In its last session the Texas Legislature passed a new law concerning Pain Management Clinics. The law, which becomes effective on September 1, 2010, makes it illegal to own / operate a Pain Management Clinic in Texas without first obtaining a certificate from the Texas Medical Board. Although it appears benign enough at first blush, upon closer review of its certification requirements the law’s fairly draconian nature comes into focus.

The new law bars individuals and entities from certification in any of a long list of circumstances. To summarize, if the owner/operator of a pain management clinic, their employee, or any person or entity who contracts with such a clinic have any of the following in their record, they are not eligible for certification by the Medical Board:

1)      Any individual who has had restrictions placed on or been denied a certificate or license by any federal or state agency authorizing them to prescribe, administer, supply, or sell a controlled substance;

2)      Any person who has been subject to a disciplinary action by a licensing entity (such as the Texas Medical Board) for conduct relating to the inappropriate prescribing, dispensing, administering, supplying, or selling of a controlled substance.

3)      Any individual who has been convicted of, pled no contest to, or received deferred adjudication for any felony;

4)       Any individual who has been convicted of, pled no contest to, or received deferred adjudication for a misdemeanor when the underlying conduct relates to the distribution of illegal prescription drugs or a controlled substance as defined in the Medical Practice Act.

In a single stroke this new regulation threatens to close numerous independent pain clinics in Texas. In my experience it seems overly burdensome, strict, and unreasonable to issue such blanket restrictions on those involved in pain management. This is especially true as those physicians whose primary practice involves the treatment of chronic pain are typically subject to some of the greatest scrutiny by the Medical Board. The TMB has a decidedly conservative view on pain medicine and this is reflected in the number of Board Orders and other disciplinary actions which focus on this area.  The new law has a “one strike and you’re out” mentality that does not provide for second chances, the opportunity to redeem oneself, or provide for the possibility that a previous disciplinary action may have been unwarranted or even plain wrong. All a physician needs is a single mark on their record where the Board disagreed with their treatment or prescription plan for a single patient and they will be barred from receiving a certification. Owner’s face a particularly onerous burden as the slightest infraction by one of their workers or contractors in or outside the workplace could mean the loss of the clinic’s certificate and, thus, their business.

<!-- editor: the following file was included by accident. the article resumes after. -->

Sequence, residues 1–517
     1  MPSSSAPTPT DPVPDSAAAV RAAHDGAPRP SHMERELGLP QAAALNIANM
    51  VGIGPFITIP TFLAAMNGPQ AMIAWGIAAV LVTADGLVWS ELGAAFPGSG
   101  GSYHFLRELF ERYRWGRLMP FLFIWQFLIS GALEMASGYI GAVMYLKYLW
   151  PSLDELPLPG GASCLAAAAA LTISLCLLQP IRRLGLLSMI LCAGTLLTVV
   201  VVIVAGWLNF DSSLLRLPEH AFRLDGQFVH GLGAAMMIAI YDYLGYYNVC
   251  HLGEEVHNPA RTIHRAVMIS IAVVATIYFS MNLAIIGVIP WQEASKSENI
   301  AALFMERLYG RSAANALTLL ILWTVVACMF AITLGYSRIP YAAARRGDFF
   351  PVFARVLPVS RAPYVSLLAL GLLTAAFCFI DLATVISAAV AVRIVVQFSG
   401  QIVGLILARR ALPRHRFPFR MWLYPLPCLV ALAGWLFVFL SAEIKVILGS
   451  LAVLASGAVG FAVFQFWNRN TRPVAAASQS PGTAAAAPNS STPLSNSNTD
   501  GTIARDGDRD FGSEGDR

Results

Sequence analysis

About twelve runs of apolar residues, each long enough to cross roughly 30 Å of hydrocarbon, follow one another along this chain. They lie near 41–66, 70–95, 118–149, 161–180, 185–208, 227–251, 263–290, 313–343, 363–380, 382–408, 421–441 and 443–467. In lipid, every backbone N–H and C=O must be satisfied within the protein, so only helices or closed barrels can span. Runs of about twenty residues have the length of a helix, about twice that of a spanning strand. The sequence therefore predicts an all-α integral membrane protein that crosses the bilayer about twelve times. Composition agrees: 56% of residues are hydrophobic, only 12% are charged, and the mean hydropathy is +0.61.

I find it regrettable that nothing in the law permits a Pain Management Clinic currently in operation to be “grandfathered in” and given a certificate. Even if clinic has years of demonstrated compliance with all previous rules and regulations its owner could still be denied a certificate and immediately shut down if any of the stipulations above apply. Meaning, that on September 1, 2010, many owners with past infractions may lose their business outright, and those owners who have never faced disciplinary actions will now be faced with firing valuable and loyal employees or contractors who regrettably made mistakes in their past. This is especially troubling as physicians who signed Agreed Orders or accepted plea deals years in the past now face a serious consequence which was completely unforeseen at the time. If these individuals had know the future effect of such settlements, they may been chosen to more strenuously contest past allegations.

The only recourse for a Pain Management Clinic who will not be able to meet the criteria for certification is to attempt to restructure their business so they can meet one of the specified exemptions. In addition to state and federal facilities, the new law exempts hospitals, including outpatient facilities and clinics, as well as hospices. Realistically, the only real option available is sell or rearrange the clinic so that it is a subdivision of a local hospital. This pain management laws also raises potential federal preemptions issues depending on how it is enforced by the Medical Board.

It is unclear what will be the final impact of the new credentialing requirements. What can be said with confidence, however, is that pain management clinics have become a highly regulated sphere in Texas.